Jacques Barzun was a historian but his interests were broad ranging. Music, art, teaching, the intellectual life, even detective fiction were the subjects of his writing. However, his observations and commentary on Western culture was where, to me in my limited exposure, he truly shone. He strongly believed that ideas greatly influence civilization. Take this example from “Darwin, Marx, Wagner,” which I read several years ago:

The Evolution which triumphed with Darwin, Marx, and Wagner . . . was something that existed by itself. It was an absolute. Behind all changes and all actual things it operated as a cause. Darwinism yielded its basic law, and viewed historically, its name was Progress. All events had physical origins; physical origins were discoverable by science; and the method of science alone could, by revealing the nature of things, make the mechanical sequences of the universe beneficent to man. Fatalism and progress were as closely linked as the Heavenly Twins and like them invincible.

Their victory, however, implied the banishment of all anthropomorphic ideas, and since mind was the most anthropomorphic thing in man, it must be driven from the field, first in the form of God or Teleology, then in the form of consciousness or purpose. These were explained away as illusions; those were condemned as superstition or metaphysics.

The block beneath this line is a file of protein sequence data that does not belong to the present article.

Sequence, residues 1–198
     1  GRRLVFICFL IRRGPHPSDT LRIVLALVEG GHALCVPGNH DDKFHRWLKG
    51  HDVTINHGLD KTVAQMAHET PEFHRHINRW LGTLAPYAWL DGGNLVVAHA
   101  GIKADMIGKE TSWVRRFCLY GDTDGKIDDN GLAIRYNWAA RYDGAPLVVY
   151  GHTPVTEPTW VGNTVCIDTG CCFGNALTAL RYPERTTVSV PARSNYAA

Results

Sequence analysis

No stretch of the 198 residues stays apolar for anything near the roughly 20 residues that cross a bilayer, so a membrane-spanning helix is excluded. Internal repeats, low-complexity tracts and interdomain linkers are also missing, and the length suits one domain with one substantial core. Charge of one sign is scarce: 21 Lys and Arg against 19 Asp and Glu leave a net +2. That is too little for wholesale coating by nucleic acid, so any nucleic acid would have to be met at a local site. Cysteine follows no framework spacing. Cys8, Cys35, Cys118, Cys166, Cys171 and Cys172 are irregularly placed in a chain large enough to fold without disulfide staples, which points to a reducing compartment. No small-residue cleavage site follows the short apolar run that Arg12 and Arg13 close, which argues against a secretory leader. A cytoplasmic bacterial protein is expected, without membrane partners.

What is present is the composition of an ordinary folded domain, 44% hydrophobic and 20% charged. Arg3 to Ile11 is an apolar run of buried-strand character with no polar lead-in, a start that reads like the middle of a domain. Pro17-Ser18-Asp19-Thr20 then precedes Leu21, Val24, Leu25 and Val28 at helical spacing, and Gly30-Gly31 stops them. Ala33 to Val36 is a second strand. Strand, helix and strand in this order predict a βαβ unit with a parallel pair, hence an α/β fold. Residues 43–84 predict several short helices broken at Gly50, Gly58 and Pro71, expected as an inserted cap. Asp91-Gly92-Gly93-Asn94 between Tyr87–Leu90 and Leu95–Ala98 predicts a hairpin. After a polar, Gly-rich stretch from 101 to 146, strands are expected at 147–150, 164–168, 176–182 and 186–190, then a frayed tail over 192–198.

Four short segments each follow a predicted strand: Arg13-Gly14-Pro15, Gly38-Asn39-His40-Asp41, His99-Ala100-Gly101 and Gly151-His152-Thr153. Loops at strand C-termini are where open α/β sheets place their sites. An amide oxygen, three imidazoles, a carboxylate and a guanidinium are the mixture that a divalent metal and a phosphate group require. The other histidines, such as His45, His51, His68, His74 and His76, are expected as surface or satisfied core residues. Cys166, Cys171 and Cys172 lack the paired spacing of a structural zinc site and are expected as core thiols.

There, in eight easily understandable sentences, was Barzun’s analysis of the idea of Darwinism. That he wrote so clearly was another of his talents. He was an intellectual who wrote so that everyone could understand. He was a public intellectual in the best sense of the word.

His magnum opus, “From Dawn to Decadence: 500 Years of Western Cultural Life, 1500 to the Present,” was published when he was 93 years old. Amazing. I hope merely to be breathing by then.

Joseph Epstein shared his memories of Jacques Barzun in this past weekend’s Wall Street Journal. I can do no better than to leave you with his closing sentences:

He lived to 104, and his death scarcely comes as a surprise. Chiefly it is a reminder that a great model of the life of the mind has departed the planet. Not many such models left, if any.

Amen.

 
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Posted by on October 30, 2012 in Authors, History, Ideas, In The News

 

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Philosophy Vs Science

English: Mortimer Adler, Miami Book Fair Inter...

English: Mortimer Adler, Miami Book Fair International, 1988 (Photo credit: Wikipedia)

Let me make this last point quite clear. The conduct of human life and the organization of human society depend on our answers to such questions as what happiness consists in, what our duties are, what form of government is most just, what constitutes the common good of society, what freedom men should have, and so on. Not one of these questions, nor any question like them which involves right and wrong or good and bad, can be answered by science, now or ever. . .

In my judgement it is philosophy, not science, which should be uppermost in any culture or civilization, simply because the questions it can answer are more important for human life. Certainly it should be clear that the more science we possess, the more we need philosophy, because the more power we have, the more we need direction.

- Dr. Mortimer J. Adler from the book “Great Ideas From The Great Books”

 
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Posted by on September 2, 2012 in Quotations